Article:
The bill, called the Protecting Kids on Social Media Act, would also prohibit the use of algorithmic content recommendations for all minors in order to reduce the addictive elements of social media. The bill is sponsored by Sen. Brian Schatz (D-HI), Sen. Tom Cotton (R-AR), Sen. Chris Murphy (D-CT), and Sen. Katie Britt (R-AL).
“The growing evidence is clear: social media is making kids more depressed and wreaking havoc on their mental health. While kids are suffering, social media companies are profiting. This needs to stop,” Schatz said in a statement. “Our bill will help us stop the growing social media health crisis among kids by setting a minimum age and preventing companies from using algorithms to automatically feed them addictive content based on their personal information.”
The text of the Protecting Kids on Social Media Act would require social media platforms to “take reasonable steps beyond merely requiring attestation, taking into account existing age verification technologies, to verify the age of individuals who are account holders.” Companies would likewise be required to use “verification technologies and documentation” to confirm that a minor user’s parents explicitly grant the child permission to use the platform.
“There is no doubt that our country is facing a growing mental health crisis and a deteriorating culture of violence. Children and teenagers across our nation are dying, families are being devastated, and our society is withering,” Britt added in the statement. “The only beneficiaries of the status quo are social media companies’ bottom lines and the foreign adversaries cheering them on. I look forward to working with my colleagues on both sides of the aisle to enact the commonsense, age-appropriate solutions needed to tackle this generational challenge.”
Lawmakers introduced the bill as legislation to ban or restrict TikTok, a social media platform controlled by Chinese technology company ByteDance, continues to advance through Congress. Lawmakers have called the application “digital fentanyl,” a reference to the addictive properties of the limitless stream of vertical videos offered by the platform.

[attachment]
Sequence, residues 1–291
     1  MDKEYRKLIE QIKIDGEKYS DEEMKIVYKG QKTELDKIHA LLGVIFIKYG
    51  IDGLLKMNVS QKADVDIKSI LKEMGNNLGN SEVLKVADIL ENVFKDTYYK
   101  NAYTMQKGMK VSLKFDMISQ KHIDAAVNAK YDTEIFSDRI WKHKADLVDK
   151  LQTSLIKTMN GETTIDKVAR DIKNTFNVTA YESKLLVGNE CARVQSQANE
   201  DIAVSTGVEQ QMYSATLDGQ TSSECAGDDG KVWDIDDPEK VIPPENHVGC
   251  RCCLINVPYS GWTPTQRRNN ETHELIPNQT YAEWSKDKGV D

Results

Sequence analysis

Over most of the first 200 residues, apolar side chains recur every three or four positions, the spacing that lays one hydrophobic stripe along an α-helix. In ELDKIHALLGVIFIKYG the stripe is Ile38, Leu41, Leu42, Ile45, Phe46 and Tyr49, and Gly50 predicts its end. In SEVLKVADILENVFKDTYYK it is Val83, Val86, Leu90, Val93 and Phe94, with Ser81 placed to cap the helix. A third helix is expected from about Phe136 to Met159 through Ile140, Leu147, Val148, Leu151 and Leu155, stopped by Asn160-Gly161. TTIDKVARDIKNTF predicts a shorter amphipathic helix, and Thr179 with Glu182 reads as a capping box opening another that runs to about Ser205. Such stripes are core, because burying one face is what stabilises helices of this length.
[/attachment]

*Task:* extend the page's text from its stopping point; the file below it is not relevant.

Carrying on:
TikTok has indeed emerged in recent years as the most widely used platform among American minors: children and teenagers spent an average of 99 minutes per day on the application as of 2021, far exceeding the amount of time spent on YouTube and other rivals, according to data from Qustodio. Social media firms such as Meta have accordingly scrambled to add vertical video components to their applications.
TikTok announced amid the criticism from lawmakers that the company would establish default time restrictions for minor users in an effort to reduce young people’s time spent on the platform. Users younger than 18 years old will be subject to a default daily screen time limit of 60 minutes, after which “teens will be prompted to enter a passcode to continue watching, requiring them to make an active decision to extend that time,” and will be encouraged to create a daily screen time limit if they spend more than 100 minutes on the platform.